When you actually need to get divorced or ditch him: and why it’s not a bad thing

I’ve seen a lot (a lot) of break ups. Here’s when it’s actually over

Madelaine Lucy Hanson
4 min readMar 3, 2023

Is it ever going to get better? That’s the most important thing you have to ask yourself in any long-term commitment. Is he going to come to bed and hold you again? Is he going to send you a lovely text just because he’s thinking about you at work? Is he going to say sorry and try to make amends when he hurts you? If you can’t realistically see that happening: please get out.

Love sometimes ends. And that’s not your fault

Now: conflict is normal in relationships. You’ll never have a marriage or a relationship where you don’t ever argue over who carries the tent, who should have watered the plant, and who is taking up all of the sofa. The real test is whether you can have a squabble, resolve it, and move on, grudge free. That’s compatibility: the ability to get on with someone as your equal, not your doppelganger. For most of us in relationships, we meet someone we like, we give it a go, and when we’ve exhausted what we needed or wanted with that person, we move on when the challenges and irritations outweigh the point of staying. That’s normal. That’s dating. I really, really hope you’ve had at least two relationships before you settle down for good, if only so you know what heartbreak, healing, and falling in love again looks like. And what a good relationship looks like.

But when something just feels sad, lonely, strained, and like a memory quickly turning into a monster, you have to let go. When you know it’s not going to be better when he’s finished with the financial quarter, or the latest development at work, let go. When you know he’s not going to try to spend more time with you when he’s less busy, let go. When you find yourself begging or crying for the bare minimum, you have to admit that it’s over. You really do. No matter what you do, you’re not going to turn around and find a partner who feels the same way they once did. You’ve grown: and so have they. They’ve changed, and you’ve changed. Stuff has happened. Life has got in the way. Maybe you drifted, maybe you just fought a few too many times. Maybe you just aren’t the shy or confident person you were a year ago. That’s actually fine. We imagine that it’s a devastating failure for a relationship to have not worked out: I strongly disagree.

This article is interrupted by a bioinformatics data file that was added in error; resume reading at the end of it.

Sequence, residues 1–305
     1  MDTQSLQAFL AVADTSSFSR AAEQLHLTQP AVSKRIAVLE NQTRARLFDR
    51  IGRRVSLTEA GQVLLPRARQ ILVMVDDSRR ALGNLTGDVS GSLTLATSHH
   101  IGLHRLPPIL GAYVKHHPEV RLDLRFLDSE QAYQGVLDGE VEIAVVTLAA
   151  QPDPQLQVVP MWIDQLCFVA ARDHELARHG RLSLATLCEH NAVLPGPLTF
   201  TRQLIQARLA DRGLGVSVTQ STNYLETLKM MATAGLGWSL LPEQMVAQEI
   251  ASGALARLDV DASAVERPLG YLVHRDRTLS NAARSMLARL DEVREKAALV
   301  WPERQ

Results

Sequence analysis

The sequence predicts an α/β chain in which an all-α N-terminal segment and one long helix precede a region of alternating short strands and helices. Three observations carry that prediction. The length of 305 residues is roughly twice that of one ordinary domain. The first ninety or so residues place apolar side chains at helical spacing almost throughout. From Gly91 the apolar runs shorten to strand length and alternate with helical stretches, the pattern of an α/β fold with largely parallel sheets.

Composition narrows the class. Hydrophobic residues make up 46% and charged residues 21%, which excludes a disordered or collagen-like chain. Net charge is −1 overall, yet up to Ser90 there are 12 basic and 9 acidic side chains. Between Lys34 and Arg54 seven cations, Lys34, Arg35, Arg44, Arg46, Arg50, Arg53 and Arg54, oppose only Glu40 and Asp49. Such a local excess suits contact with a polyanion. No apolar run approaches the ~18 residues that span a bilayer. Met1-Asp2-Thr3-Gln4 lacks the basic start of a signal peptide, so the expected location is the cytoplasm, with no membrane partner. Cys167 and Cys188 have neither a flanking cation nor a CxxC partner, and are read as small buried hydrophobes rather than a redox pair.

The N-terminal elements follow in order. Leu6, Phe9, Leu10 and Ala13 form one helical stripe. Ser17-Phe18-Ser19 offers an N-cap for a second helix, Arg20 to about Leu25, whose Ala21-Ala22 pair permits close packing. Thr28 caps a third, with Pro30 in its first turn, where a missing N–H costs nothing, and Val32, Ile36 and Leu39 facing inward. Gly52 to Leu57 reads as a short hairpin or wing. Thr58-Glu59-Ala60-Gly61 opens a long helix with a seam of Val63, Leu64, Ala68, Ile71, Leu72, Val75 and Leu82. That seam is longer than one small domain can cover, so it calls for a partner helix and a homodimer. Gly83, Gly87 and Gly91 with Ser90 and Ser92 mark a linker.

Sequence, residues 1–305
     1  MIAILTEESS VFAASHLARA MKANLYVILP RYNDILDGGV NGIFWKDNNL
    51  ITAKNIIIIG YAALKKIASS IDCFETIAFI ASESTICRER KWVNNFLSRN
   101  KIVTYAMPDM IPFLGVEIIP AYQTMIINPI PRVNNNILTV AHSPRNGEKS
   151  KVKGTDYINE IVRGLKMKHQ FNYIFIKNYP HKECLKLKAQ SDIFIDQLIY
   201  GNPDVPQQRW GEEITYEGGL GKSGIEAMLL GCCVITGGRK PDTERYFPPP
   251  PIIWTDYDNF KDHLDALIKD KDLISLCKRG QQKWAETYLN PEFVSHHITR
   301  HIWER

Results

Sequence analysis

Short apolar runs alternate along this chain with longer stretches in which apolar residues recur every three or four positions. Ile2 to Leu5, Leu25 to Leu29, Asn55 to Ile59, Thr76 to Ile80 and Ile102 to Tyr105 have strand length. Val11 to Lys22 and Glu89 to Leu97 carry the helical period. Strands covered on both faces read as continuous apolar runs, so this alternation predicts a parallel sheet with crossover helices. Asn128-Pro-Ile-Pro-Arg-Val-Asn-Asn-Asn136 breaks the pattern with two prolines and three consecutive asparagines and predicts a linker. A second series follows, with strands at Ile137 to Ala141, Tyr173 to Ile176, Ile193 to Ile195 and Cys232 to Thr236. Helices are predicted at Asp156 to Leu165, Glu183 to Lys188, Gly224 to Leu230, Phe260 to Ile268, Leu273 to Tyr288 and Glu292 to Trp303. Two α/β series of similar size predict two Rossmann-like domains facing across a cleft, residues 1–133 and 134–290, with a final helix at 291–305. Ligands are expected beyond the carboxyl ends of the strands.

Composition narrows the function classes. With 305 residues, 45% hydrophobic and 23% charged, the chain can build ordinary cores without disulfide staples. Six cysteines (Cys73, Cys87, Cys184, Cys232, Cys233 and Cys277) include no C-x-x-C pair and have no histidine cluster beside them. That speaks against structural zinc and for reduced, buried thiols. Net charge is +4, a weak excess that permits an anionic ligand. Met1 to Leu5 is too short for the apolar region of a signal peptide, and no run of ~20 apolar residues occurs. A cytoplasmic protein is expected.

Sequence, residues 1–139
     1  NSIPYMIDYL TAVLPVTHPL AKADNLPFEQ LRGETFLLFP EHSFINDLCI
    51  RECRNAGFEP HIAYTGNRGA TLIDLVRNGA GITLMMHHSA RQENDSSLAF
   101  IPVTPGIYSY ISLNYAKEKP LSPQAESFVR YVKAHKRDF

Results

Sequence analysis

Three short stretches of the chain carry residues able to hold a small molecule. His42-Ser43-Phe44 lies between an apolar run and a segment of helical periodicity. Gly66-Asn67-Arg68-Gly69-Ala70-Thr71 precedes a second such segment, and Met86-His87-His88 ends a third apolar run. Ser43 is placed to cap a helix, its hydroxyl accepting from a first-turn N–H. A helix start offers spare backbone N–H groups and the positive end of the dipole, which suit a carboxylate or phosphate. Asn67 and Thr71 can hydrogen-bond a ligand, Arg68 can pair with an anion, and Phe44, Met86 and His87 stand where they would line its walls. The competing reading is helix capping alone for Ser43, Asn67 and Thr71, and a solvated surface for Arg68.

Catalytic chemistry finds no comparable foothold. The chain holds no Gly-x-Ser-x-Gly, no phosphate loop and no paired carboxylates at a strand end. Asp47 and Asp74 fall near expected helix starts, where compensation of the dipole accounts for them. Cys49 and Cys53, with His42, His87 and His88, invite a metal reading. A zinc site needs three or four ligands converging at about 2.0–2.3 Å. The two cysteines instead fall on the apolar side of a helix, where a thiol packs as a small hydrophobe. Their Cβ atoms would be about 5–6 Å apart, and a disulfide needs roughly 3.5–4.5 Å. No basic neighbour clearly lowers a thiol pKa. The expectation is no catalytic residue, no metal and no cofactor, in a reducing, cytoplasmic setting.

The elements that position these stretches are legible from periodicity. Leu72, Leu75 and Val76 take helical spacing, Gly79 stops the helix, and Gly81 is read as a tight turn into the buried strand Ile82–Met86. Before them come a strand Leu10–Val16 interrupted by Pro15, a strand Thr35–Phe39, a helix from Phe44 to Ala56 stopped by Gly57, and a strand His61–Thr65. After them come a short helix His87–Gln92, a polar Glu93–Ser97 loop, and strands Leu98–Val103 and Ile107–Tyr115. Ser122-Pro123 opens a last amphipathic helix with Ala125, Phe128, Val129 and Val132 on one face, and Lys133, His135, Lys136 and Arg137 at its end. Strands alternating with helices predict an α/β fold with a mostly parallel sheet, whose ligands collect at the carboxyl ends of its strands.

A relationship failing can be the best thing that’s ever happened to you.

It’s okay it’s over: Friends for a reason, friends for a season, and friends for life

My mother says this a lot and it’s probably the most powerful one liner she comes out with. Some people in your life are meant to be there for a little bit: a lonely winter, a summer fling, that weird year after university, or that time your husband asked for an open marriage. Other people are there for life: they’ll be there no matter what, the rock beneath your feet, there when the heavens open and you feel like everything else has been washed away. And other people still are there for a reason: they teach you something about yourself or about life that makes you stronger, wiser, better, or less naïve.

And sometimes: these ‘bad’ or ‘failed’ relationships ending sets you free to meet the next season, reason, or potential lifelong partner. I know the endorphins are intense for Mr (or Mrs) Wrong, but the pain of missing someone is nothing compared to never knowing what it’s like to be kissed, held, wanted, and loved again. You’d be amazed how quickly you can move on when you get on with life and don’t talk to your ex. The person you fell in love with has gone. Your only reality is your present relationship: all those happy memories of long ago still happened, but it’s over.

I know you’re thinking ‘but I’ll be unable to feel that strongly again’: you will. I fell very intensely in love last year after a long time on my own, but now that’s over too, I’m confident I’ll love again. I’m unbelievably happier now I’ve actually ended it and accepted that it’s over. Love is irrational, fickle, unexplainable and unpredictable. You can love as many times as you encounter it. I don’t dislike my exes: I still talk to a lot of them as friends. But I see what I didn’t see when I met them: their insecurities, their flaws, their sadnesses- some of which I couldn’t understand or heal. Some of which I couldn’t make it work with my own weaknesses and frailties. And that’s okay: you haven’t failed because someone was wrong for you.

You’ve failed by staying in a dead relationship when you know you deserve love, kindness, and enthusiasm.

So please:

If you feel unloved, and know it isn’t coming back: go.

The right man is sitting there dreaming of you and treating you right.



Madelaine Lucy Hanson

27 year old with an awful lot to say about everything. Opinions entirely my own. Usually.